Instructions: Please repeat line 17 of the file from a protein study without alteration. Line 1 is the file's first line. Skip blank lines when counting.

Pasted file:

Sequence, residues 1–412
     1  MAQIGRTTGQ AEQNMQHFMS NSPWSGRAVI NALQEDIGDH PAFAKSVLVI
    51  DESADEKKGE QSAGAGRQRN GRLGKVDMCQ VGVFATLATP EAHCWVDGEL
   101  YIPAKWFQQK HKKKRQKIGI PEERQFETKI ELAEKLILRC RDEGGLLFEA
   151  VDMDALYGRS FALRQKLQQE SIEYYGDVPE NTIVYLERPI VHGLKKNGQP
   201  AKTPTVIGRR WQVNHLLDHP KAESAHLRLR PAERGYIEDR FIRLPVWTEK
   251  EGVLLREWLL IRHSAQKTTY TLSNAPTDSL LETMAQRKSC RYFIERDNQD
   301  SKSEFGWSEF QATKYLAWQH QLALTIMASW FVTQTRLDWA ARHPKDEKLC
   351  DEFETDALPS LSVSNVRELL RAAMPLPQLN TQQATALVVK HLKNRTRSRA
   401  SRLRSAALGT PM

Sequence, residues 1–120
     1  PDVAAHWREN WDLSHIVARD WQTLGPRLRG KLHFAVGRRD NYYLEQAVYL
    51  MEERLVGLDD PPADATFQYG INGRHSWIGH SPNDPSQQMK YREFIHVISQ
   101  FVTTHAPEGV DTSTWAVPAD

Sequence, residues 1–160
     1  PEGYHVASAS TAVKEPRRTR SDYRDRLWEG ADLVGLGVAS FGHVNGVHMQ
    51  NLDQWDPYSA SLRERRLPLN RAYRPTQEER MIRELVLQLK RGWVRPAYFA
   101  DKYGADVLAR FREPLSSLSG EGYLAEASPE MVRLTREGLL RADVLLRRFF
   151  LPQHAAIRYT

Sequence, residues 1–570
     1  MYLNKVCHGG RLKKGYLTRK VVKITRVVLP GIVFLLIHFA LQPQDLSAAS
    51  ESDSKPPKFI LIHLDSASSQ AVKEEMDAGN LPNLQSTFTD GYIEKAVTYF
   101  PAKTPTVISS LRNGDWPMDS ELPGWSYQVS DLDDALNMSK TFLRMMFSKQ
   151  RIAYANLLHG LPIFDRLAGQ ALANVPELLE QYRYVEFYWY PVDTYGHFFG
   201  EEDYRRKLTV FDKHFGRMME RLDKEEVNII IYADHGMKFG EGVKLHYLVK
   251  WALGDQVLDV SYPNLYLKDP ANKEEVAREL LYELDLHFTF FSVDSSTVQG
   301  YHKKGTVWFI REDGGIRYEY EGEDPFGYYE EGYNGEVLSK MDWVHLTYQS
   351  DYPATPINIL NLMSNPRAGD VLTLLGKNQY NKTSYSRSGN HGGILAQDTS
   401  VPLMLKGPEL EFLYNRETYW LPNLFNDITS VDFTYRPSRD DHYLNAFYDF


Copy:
    51  NLDQWDPYSA SLRERRLPLN RAYRPTQEER MIRELVLQLK RGWVRPAYFA